Pulitzer Blues

Thursday 19 April 2007

Phil has been sulking since Monday. Having got up at 4am to ready his mantelpiece, he was distraught to discover that the West End Whingers had not been awarded a Pulitzer Prize this year.

Andrew assured him that this was merely an administrative oversight as a result of which some poor middle manager (actually, isn’t every employee in the US a Vice President?) or perhaps the entire board had probably been summarily dismissed Or if they hadn’t been, they would be when he had finished yet another round of his – by now highly accomplished – poison pen letters.

Thankfully a look at the small print revealed that:

Only U.S. citizens are eligible to apply for the Prizes in Letters, Drama and Music. […] For the Journalism competition, entrants may be of any nationality but work must have appeared in a U.S. newspaper published at least once a week.

The Whingers’ disappointment was immediately supplanted by a sense of delight at the realisation that this self-petard-hoisting condition amply explains why in some years – 1917, 1918, 1919, 1920, 1943, 1944, 1947, 1951, 1963, 1964, 1966, 1972, 1974, 1986, 1997 and 2006 for example – the board throws its hands up and decides not to bother awarding a drama prize at all.

And looking at the full list of drama winners, it becomes clear why. Only a handful of the winners have the Whingers ever heard of, and even fewer have endured. The highlights are:

1932 Of Thee I Sing by George S. Kaufman, Morrie Ryskind and Ira Gershwin
1937 You Can’t Take It With You by Moss Hart and George S. Kaufman
1938 Our Town by Thornton Wilder
1943 The Skin of Our Teeth by Thornton Wilder
1945 Harvey by Mary Chase
1948 A Streetcar Named Desire by Tennessee Williams
1949 Death of a Salesman by Arthur Miller
1950 South Pacific by Richard Rodgers, Oscar Hammerstein
1955 Cat on A Hot Tin Roof by Tennessee Williams
1957 Long Day’s Journey Into Night by Eugene O’Neill
1962 How To Succeed In Business Without Really Trying by Frank Loesser and Abe Burrows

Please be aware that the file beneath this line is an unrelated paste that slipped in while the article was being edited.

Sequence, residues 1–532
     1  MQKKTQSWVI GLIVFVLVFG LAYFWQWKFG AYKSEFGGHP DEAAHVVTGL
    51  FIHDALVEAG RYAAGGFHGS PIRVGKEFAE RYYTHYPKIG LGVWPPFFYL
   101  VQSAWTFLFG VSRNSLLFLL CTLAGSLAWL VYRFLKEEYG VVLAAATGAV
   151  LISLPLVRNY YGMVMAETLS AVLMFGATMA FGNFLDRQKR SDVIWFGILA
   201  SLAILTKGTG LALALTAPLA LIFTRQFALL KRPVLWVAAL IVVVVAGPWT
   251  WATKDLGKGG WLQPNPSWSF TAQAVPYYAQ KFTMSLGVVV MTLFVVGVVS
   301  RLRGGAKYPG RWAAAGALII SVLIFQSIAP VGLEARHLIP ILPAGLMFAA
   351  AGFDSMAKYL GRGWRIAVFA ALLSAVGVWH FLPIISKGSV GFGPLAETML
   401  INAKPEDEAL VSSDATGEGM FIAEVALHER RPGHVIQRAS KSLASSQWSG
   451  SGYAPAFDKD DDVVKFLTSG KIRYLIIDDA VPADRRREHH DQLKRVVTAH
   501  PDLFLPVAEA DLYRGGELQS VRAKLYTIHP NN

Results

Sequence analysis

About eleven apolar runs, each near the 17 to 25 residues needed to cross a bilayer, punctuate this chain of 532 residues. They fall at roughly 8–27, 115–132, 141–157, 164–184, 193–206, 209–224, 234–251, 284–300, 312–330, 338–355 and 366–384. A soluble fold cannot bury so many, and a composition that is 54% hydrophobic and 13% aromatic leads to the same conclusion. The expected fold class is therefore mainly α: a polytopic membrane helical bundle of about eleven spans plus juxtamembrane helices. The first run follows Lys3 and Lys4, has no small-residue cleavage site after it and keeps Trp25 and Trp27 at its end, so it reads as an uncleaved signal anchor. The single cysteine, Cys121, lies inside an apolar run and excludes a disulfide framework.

1967 A Delicate Balance by Edward Albee
1971 The Effect of Gamma Rays on Man-In-The-Moon Marigolds by Paul Zindel
1976 A Chorus Line by Conceived, choreographed and directed by Michael Bennett, with book by James Kirkwood and Nicholas Dante, music by Marvin Hamlisch, and lyrics by Edward Kleban
1979 Buried Child by Sam Shepard
1984 Glengarry Glen Ross by David Mamet
1985 Sunday in the Park With George by Music and lyrics by Stephen Sondheim, book by James Lapine
1988 Driving Miss Daisy by Alfred Uhry
1993 Angels in America: Millennium Approaches by Tony Kushner
1994 Three Tall Women by Edward Albee
2001 Proof by David Auburn
2004 I Am My Own Wife by Doug Wright

We’ve never even head of this year’s winner, so over to Steve on Broadway.

2 Responses to “Pulitzer Blues”

  1. Larry O Says:

    I’ve just read Richard McBeef, a sparse one act play which shows a good deal of promise.
    Do you know if it’s up for any awards?
    I think we can safely expect great things in the future from its youthful writer.

  2. No idea, but we’re impressed that you read plays, Larry O. That sounds like very hard work.

    Do you belong to that school of thought that says “the play’s the thing” or – as the Royal Court would probably say, “the text’s the thing”?

    We believe the wigs are the things and so are the sets. And the stars. So we don’t read plays.

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